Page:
Deep Dives Reveal Greater Detail in Library Treasures

Posted: Thursday, 29 May 2014 - 11:41am

We are pleased to announce enhancements to the image viewing experience in the Princeton University Digital Library (PUDL).  Users will notice a significant increase in speed of image rendering in general.  In addition, we have introduced a new deep-zoom feature which not only improves the overall quality of images and the viewing experience, but also has allowed us to double our zoom depth on most images.

A finished preparatory drawing (hanshita-e) of Urashima Tarō riding a mythical turtle by Utagawa Shigetoshi (Japanese, active ca. 1850-ca. 1860) from the Graphic Arts Collection.

Examples:

We are able to provide these improvements through the implementation of two emergent technologies:  LORIS, an open source image server developed and released at the end of 2013 by our very own Jon Stroop; and OpenSeadragon, an open source Javascript library for creating a "slippy" deep-zoom experience in web browsers.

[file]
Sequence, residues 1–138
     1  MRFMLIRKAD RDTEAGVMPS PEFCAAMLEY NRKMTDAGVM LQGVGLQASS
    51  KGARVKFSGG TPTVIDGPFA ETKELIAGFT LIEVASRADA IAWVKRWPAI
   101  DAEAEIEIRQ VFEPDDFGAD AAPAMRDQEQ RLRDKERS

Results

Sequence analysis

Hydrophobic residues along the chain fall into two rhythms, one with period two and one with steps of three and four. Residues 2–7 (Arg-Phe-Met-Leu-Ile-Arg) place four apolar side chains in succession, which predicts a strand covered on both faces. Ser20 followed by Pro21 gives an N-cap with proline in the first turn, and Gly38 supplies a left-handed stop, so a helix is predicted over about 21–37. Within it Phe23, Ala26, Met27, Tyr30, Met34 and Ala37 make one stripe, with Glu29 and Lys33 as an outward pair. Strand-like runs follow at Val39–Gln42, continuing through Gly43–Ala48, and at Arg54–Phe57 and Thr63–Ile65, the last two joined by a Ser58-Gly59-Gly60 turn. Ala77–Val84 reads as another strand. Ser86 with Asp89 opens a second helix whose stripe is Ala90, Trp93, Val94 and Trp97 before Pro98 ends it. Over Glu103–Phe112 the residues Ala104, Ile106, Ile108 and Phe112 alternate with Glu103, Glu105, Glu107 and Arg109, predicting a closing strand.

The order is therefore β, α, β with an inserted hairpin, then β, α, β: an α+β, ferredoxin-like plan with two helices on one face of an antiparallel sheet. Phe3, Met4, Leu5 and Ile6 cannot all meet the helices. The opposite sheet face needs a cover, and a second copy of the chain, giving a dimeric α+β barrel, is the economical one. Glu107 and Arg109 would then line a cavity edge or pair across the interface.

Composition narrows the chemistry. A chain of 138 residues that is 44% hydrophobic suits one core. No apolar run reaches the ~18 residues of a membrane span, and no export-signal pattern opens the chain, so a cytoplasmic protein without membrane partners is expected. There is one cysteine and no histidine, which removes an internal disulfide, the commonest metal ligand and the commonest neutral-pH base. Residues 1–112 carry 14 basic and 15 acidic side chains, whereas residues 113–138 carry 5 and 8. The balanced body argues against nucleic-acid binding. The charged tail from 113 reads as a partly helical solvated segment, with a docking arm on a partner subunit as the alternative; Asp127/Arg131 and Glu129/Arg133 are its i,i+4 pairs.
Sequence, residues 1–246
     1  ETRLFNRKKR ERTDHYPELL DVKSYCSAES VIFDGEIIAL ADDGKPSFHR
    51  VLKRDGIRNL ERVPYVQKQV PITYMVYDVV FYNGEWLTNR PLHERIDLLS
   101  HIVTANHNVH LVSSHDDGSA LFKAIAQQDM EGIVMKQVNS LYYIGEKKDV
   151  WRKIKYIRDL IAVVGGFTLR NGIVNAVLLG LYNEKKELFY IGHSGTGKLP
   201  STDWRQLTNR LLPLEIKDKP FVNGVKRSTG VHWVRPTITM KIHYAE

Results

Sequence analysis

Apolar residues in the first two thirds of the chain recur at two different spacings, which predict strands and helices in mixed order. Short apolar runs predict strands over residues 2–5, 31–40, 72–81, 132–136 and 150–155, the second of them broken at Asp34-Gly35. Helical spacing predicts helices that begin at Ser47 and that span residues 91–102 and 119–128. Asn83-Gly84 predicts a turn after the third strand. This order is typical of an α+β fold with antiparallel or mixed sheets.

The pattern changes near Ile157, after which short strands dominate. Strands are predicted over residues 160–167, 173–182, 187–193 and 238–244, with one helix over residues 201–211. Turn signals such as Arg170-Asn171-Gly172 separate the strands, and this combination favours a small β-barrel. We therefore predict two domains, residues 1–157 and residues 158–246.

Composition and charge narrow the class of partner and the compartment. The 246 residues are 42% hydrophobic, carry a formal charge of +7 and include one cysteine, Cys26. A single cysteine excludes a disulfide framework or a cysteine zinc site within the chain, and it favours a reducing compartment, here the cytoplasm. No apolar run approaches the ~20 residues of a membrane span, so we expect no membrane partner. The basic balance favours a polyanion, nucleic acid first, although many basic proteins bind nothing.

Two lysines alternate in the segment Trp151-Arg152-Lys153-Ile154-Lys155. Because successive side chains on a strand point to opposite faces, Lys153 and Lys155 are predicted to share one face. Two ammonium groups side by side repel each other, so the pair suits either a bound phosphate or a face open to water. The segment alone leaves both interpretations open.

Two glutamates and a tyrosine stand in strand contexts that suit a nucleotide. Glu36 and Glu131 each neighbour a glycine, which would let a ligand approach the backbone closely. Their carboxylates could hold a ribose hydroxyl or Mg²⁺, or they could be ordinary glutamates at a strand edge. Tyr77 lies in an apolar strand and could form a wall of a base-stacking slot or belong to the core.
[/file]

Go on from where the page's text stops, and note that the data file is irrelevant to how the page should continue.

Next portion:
An interesting anecdote about OpenSeadragon: This technology was originally developed in Princeton by Blaise Aguera y Arcas, who also worked at Princeton University Library in the early 2000's. The Seadragon technology Blaise created was acquired by Microsoft in 2006, and later released to the open source community in 2009. Jon collaborated with other OpenSeadragon contributors to ensure compatibility with the IIIF Image API specification and LORIS.